Why we say no?
We respect the time of the founders we interact with. We respect our own time too. We know that one of the hardest part about fundraising is getting "venture nos", not a no but not a yes. This creates ambiguity, false hope and frankly wastes everyone's time. We are committed to being upfront, honest and clear with our feedback and we try and do that as fast as we can. In reality, we are all busy. We meet with hundreds if not a thousand new companies every year, so it's hard to get back to everyone immediately. But our ambition is to be as swift as we can be.
However, it's important to point out. If we say no, it doesn't mean we don't think your venture has merit and potential. Our view on ventures potential of being a successful company is not necessarily the same as what we say yes to as a fit for our funds. We have a certain investment thesis and a view to invest in very ambitious founders building global companies that have unique tech - 90% of companies don't fit this bill and for good reason. It's hard and risky. Sure the pay off could be great it if works, but there 's a tough road to get there. A few more thoughts: We are wrong as often as we are right. We are only making educated guesses based on limited information. The founder is always going to be 100x more informed than us about the market and the opportunity. Our opinion is only that, our opinion.
What’s the difference between seed and pre-seed?
What's the difference between pre-seed and seed investment?
At Icehouse Ventures we consider the purpose of a pre-seed round to be for product development in order to demonstrate that your solution meets a market need. The size of the raise is usually between $200K - $1M, on a convertible note or at a $3M - $4M valuation. At the stage of a seed round it's expected that the initial core team have already validated their value proposition and are using the funding to prove product-market fit and prepare to scale. The raise is expected to be between $1M - $4M at a $3M -$10M valuation.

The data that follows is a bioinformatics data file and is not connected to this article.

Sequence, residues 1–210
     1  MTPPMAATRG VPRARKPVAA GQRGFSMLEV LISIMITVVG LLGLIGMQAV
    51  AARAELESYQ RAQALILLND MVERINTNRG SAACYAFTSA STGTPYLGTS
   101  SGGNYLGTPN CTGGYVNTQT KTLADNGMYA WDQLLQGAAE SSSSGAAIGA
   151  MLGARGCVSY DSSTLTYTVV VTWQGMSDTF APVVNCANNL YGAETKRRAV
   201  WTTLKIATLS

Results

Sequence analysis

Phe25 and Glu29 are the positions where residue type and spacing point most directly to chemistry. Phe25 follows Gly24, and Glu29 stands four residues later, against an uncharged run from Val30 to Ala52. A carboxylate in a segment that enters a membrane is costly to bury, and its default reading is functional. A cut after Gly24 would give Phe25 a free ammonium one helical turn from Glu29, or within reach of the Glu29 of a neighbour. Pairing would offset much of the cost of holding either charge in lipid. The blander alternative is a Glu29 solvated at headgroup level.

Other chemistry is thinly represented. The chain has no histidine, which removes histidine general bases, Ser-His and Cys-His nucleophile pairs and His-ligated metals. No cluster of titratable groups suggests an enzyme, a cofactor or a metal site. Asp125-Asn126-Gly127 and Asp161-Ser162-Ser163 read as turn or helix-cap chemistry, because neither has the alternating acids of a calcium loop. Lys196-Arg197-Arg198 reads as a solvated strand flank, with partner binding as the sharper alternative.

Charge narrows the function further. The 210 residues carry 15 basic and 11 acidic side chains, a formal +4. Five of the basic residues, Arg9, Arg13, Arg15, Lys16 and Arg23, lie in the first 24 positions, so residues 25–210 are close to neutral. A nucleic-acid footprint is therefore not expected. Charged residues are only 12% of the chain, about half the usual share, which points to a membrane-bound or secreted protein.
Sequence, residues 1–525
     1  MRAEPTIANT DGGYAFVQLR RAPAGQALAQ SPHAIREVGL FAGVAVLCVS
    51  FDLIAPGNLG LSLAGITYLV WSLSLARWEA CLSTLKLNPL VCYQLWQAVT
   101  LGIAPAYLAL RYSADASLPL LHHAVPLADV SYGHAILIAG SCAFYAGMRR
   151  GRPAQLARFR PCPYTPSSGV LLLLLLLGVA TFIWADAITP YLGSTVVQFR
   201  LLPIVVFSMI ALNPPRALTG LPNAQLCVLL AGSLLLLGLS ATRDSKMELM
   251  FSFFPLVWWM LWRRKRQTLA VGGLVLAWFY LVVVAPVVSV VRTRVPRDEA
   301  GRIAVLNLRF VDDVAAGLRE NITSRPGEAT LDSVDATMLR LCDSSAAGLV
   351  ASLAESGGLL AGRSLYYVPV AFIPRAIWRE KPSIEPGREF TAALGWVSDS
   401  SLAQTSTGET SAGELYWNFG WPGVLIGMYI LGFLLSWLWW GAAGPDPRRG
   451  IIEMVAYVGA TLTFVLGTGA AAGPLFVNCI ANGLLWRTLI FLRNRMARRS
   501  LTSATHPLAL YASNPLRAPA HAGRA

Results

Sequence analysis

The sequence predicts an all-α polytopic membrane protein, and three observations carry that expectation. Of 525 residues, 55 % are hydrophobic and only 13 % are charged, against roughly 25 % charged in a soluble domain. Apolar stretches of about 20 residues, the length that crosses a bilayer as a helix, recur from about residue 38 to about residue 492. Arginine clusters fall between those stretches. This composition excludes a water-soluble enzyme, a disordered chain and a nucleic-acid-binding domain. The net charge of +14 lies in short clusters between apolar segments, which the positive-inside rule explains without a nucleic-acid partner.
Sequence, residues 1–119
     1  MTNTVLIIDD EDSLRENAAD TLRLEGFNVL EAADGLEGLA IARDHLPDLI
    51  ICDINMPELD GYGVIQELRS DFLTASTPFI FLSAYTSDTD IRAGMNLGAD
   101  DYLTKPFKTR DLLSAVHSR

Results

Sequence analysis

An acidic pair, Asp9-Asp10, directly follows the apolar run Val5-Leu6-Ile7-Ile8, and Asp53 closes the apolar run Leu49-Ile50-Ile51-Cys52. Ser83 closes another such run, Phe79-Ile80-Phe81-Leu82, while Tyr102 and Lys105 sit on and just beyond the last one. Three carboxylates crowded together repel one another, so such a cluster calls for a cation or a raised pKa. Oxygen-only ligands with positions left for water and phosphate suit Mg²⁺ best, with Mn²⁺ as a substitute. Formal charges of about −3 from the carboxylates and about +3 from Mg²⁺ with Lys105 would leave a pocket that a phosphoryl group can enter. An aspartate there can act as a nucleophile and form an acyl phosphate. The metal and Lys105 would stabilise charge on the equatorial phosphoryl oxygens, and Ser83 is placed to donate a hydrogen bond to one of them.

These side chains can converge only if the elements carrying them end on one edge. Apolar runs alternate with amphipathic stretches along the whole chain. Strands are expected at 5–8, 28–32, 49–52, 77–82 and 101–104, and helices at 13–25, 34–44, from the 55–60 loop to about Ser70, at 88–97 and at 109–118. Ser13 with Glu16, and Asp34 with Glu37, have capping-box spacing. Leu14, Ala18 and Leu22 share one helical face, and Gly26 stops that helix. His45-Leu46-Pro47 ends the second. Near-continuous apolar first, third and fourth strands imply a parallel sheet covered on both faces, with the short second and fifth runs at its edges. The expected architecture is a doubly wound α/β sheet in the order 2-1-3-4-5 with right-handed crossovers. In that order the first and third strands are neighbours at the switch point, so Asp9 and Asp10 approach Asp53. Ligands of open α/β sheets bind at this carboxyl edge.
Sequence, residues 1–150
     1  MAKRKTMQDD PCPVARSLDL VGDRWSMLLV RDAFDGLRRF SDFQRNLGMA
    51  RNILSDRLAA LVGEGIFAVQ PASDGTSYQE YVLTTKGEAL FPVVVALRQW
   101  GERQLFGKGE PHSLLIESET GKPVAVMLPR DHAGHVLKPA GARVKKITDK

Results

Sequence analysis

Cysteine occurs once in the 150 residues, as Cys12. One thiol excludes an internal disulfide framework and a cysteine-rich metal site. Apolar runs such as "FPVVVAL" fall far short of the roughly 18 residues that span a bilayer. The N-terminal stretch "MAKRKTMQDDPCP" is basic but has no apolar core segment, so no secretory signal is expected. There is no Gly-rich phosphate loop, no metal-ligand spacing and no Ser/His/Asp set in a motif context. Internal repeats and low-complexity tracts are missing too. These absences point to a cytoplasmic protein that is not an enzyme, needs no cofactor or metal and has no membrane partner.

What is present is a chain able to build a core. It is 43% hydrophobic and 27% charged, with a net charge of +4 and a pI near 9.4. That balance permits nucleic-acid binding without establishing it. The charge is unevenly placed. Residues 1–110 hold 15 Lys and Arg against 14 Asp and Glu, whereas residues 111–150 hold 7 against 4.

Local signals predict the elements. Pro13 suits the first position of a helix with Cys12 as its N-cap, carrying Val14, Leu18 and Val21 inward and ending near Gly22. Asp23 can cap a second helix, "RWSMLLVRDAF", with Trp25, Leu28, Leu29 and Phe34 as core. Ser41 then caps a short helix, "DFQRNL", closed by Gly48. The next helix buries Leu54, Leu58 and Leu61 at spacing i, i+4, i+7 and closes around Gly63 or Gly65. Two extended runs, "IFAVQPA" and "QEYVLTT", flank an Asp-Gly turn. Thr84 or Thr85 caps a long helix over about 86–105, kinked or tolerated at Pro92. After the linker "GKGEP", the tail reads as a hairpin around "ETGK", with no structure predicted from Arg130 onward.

Do you have area of focus?
We invest in a range of ventures from spaceplanes that deliver satellites to space, or large scale energy storage systems and a lot of innovations in-between. Our focus is typically on startups in the tech space, software as a service for consumers or enterprises, and hardware product companies. We don't often, but have invested in consumer products, service businesses and biotech/pharma companies.
What is your investment Strategy?
We invest in companies that have established product market fit and are ready to scale. To date, we have over $3 billion under management across 45 active consumer and enterprise companies.
We offer bespoke, tailor-made help and engagement for each of our investments. We are patient capital holders and have a track record of supporting our companies in follow-on rounds and through IPO. We invest globally; we have investments in companies in Europe, China and India.
Do you have a minimum threshold (revenue scale,
growth, etc) that you look for?
No, as growth investors we have a flexible mandate - there are no hard and fast rules. We’re largely looking for companies that have established product market fit and are ready to accelerate growth.
Do you sign NDAs?
As a general rule, like most VC firms, we do not sign NDAs - here is an article that helps to explain why. https://www.entrepreneur.com/article/245023.
There is the odd exception, for example, if we needed to examine source code of a software product or examine the novel IP of a deep tech company.
Moreover, our history stretches back 18 years – and we have never been accused by a founder of impropriety of their IP. You can imagine what would happen to our brand equity in the small NZ early-stage ecosystem if we behaved improperly.
Do you have a responsible investment policy?
Yes. We believe that the ventures our founders build will shape the world we live in, and we want that shaping to make a positive impact. Accordingly, we are committed to investing responsibly. Read our responsible investment policy.